Add 130ml water to the flask, keep the TCE. Wash once with 87ml of 5% NaOH (4.3g NaOH). Distill off the TCE to claim the epoxide.

Sure enough, you should get the epoxide. Epoxides are frequently made from peracids! Don't give up.

In Patent EP 1140788 trans-cinnamyl alcohol is epoxidized using a similar procedure.

My bet is that you didn't wait long enough for the peracetic to form or you didn't use sulfuric acid to catalyze the production of the peracid. Or that by neutralizing the peracetic before the addition, you broke it down to sodium acetate, carbon dioxide and oxygen.
 
 
 
 
    hypo
(Official Hive Approximator)
09-07-02 11:00
No 353879
      pH measuring...  Bookmark   

oh! i didn't realise that peracids were such weak acids!
but it makes sense, the -O3- anion doesn't look stable.

could it be that the pH measuring was wrong? those universal pH
papers where used, but they work only in aqueous medium. they
definitely showed 7.

so another suggestion would be:
* less Na2CO3?

couch terrorist
 
 
 
 
    hypo
(Official Hive Approximator)
09-07-02 11:08
No 353881
      hmm...  Bookmark   

> 14.8g anethole, 130ml TCE (or DCM), 26.6g Na2CO3

34g Na2CO3 were used to neutralise 38.3g CH3COOH.
(too much?)

> My bet is that you didn't wait long enough for the peracetic to form

14 days smile

> or you didn't use sulfuric acid to catalyze the production of the peracid.

sulfuric acid was used.

> Or that by neutralizing the peracetic before the addition,
> you broke it down to sodium acetate, carbon dioxide and oxygen.

that is a possibility... the next time, the Na2CO3 will be added
to the TCE. what about dissolving it in the minimum amount of water?

thanks, bees! the experiments will be continued!



couch terrorist
 
 
 
 
    Chromic
(Synaptic Self-Mutilator)
09-07-02 11:27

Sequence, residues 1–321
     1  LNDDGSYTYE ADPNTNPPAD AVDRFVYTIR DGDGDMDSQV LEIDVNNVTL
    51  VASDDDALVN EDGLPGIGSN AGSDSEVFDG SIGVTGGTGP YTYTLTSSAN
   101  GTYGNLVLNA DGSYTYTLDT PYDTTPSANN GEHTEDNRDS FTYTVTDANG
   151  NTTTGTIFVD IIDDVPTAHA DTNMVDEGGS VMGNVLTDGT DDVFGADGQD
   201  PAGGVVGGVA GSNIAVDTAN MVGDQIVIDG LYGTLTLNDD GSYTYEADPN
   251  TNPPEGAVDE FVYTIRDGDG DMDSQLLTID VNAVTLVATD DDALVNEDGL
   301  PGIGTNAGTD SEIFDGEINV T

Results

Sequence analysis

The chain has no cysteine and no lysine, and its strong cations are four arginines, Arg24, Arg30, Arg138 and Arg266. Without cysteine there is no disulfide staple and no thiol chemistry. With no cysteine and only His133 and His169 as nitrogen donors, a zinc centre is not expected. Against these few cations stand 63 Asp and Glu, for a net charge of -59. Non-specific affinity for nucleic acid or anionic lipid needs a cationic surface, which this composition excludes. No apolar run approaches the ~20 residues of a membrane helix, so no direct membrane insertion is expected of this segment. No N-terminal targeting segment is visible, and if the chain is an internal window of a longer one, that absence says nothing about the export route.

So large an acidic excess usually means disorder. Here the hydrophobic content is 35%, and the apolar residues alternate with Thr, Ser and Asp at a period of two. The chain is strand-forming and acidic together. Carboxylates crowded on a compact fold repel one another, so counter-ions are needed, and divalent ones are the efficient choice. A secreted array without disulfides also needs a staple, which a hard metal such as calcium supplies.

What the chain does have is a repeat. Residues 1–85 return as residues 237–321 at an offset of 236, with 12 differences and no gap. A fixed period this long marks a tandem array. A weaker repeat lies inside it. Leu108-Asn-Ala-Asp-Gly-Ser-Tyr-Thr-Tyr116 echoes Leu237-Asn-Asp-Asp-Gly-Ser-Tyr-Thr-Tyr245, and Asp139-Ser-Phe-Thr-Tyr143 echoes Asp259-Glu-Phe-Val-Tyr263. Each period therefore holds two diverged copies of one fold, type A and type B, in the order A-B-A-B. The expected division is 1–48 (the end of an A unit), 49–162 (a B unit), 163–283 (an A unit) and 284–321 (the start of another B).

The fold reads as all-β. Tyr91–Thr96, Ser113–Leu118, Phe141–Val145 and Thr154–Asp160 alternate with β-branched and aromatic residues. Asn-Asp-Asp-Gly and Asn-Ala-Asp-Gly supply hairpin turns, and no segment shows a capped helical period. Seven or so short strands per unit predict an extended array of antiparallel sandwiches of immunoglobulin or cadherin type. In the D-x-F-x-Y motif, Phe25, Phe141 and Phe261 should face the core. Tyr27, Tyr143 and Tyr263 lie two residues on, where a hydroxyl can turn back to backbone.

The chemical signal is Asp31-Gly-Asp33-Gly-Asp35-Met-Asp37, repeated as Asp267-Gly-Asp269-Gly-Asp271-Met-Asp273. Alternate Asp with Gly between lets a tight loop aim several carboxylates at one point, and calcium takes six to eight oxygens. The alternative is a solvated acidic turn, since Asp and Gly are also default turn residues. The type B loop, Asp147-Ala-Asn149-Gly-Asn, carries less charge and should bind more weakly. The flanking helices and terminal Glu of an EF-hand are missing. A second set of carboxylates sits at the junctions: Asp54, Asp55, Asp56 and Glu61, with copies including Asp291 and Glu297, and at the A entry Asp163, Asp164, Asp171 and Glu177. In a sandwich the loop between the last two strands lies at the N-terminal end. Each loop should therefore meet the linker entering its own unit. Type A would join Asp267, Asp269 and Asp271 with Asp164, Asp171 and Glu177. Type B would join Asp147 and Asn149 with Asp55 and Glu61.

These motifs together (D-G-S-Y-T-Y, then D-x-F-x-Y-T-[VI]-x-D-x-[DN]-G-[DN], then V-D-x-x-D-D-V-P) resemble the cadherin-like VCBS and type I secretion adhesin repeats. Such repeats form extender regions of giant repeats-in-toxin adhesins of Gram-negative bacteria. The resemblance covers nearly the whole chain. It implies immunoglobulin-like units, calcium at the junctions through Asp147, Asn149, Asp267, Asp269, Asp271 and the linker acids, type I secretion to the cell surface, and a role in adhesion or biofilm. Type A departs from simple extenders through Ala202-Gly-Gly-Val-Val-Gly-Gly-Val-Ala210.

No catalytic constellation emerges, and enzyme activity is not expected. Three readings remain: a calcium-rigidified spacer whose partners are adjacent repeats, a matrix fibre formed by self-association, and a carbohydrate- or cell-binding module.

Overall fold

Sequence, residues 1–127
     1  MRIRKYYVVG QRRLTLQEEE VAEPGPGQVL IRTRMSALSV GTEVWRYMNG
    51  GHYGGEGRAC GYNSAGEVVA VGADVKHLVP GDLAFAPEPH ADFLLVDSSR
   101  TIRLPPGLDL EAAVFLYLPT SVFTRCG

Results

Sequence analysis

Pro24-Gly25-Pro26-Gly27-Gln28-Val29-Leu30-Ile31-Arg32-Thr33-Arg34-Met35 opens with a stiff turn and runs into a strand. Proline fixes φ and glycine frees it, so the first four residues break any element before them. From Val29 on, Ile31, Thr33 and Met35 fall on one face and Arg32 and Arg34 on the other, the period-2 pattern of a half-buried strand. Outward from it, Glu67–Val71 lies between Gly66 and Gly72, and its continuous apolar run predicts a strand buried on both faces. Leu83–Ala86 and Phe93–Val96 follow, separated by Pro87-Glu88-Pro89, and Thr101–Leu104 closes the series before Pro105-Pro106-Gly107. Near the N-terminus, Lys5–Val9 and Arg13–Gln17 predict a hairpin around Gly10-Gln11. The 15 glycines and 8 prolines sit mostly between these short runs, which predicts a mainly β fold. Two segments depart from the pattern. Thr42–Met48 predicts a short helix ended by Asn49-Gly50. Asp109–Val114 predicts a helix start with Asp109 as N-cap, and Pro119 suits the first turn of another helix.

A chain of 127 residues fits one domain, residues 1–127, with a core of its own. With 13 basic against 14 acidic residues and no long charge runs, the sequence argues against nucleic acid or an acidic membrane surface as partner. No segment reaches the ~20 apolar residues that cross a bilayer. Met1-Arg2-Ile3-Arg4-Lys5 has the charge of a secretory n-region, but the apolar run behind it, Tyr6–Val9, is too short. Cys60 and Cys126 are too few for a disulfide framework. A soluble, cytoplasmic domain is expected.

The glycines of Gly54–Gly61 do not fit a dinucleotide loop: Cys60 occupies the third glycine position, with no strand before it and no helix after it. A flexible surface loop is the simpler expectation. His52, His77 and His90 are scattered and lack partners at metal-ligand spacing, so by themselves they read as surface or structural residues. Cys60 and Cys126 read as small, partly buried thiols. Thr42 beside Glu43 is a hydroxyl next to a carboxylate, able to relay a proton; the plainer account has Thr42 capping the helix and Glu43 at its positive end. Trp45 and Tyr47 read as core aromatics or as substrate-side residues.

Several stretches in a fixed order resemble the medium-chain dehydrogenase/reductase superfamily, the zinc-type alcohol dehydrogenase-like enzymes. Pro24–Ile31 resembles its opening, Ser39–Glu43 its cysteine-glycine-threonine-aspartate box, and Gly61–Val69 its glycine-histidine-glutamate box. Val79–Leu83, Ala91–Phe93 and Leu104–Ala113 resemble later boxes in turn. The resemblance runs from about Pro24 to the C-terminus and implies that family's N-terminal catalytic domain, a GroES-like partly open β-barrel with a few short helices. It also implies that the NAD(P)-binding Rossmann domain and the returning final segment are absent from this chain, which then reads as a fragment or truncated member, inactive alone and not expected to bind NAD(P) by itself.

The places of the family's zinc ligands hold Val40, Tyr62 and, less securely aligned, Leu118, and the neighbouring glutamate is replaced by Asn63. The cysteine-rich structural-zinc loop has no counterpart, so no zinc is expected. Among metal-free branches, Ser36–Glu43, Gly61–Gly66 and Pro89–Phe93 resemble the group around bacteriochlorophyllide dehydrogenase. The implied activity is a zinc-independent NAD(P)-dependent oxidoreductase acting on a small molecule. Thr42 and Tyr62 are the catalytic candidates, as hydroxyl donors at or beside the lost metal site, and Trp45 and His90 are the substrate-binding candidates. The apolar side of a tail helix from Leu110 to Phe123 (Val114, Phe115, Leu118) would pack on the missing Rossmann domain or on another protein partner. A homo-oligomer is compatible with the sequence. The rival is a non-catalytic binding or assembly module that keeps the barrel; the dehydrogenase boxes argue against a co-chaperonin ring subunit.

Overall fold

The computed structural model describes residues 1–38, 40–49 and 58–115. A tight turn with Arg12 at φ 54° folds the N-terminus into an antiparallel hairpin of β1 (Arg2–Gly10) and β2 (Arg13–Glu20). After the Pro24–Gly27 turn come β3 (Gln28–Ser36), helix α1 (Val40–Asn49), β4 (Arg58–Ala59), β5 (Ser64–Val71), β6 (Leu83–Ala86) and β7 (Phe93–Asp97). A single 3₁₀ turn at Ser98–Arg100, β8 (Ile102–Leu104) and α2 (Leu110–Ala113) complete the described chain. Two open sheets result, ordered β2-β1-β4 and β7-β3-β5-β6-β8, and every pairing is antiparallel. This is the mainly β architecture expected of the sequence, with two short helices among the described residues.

No 353890
      Erhm... a 2nd look..  Bookmark   

>> 14.8g anethole, 130ml TCE (or DCM), 26.6g Na2CO3
>34g Na2CO3 were used to neutralise 38.3g CH3COOH. (too much?)

The amount of peracetic acid that you used is a 56% molar excess (156mmol). (assuming you used 39.9g 35% H2O2, and 0.8g H2SO4) The proper amount of Na2CO3 to buffer, would be ~35.2g (if you follow the same assumptions below). The amount of sodium carbonate you used, in relation to the peracetic that you used, is correct.

EXCEPT... I'm confused on the amount of peracetic you used, because my writeup would recommend:

30.2g 35% H2O2, 29.0g GAA, 0.6g H2SO4 giving 0.48mol of (per)acetic acid to be buffered (this actually forms 118mmol of peracetic acid at equilibrium, the 18% excess that is recommended in the EP patent... perhaps you had read an earlier post in the thread by me where I was using more peracetic than necessary), and about 0.01mol of sulfuric acid to be neutralized. If you want to neutralize 100% of the peracetic/acetic, and 150% of the sulfuric (numbers pulled from hat), you'd use 25.6+1.0g of Na2CO3 or 40.6+1.5g of NaHCO3.

Try repeating your experiment, with the suggestion of keeping the buffer with the alkene in chloronated solvent (and perhaps modifying the amount of peracetic to use to fit inline with the patent and my updated procedure...) This must be the trouble, if it still doesn't work something is really wrong.

You might also try using baking soda, as it's a weaker base (?).
 
 
 
 
    Chromic
(Synaptic Self-Mutilator)
09-07-02 11:30
No 353891
      One more thing  Bookmark   

Anethole epoxide really does smell like the ketone and the glycol (very much unlike the alkene), so part of your experiment sounded right... but I bet you already know that as you've sampled PMA before. smile
 
 
 
 
    hypo
(Official Hive Approximator)
09-07-02 11:41
No 353899
      NaHCO3  Bookmark   

>  perhaps you had read an earlier post in the thread by me where I
> was using more peracetic than necessary

exactly, the first one where you said 36.9g. the H2O2/AcOH ratio was somewhat
different, because over here we have a different 35% H2O2 (w/v vs. v/v!)

NaHCO3 will be used the next time. then most of the variables should be eliminated.



couch terrorist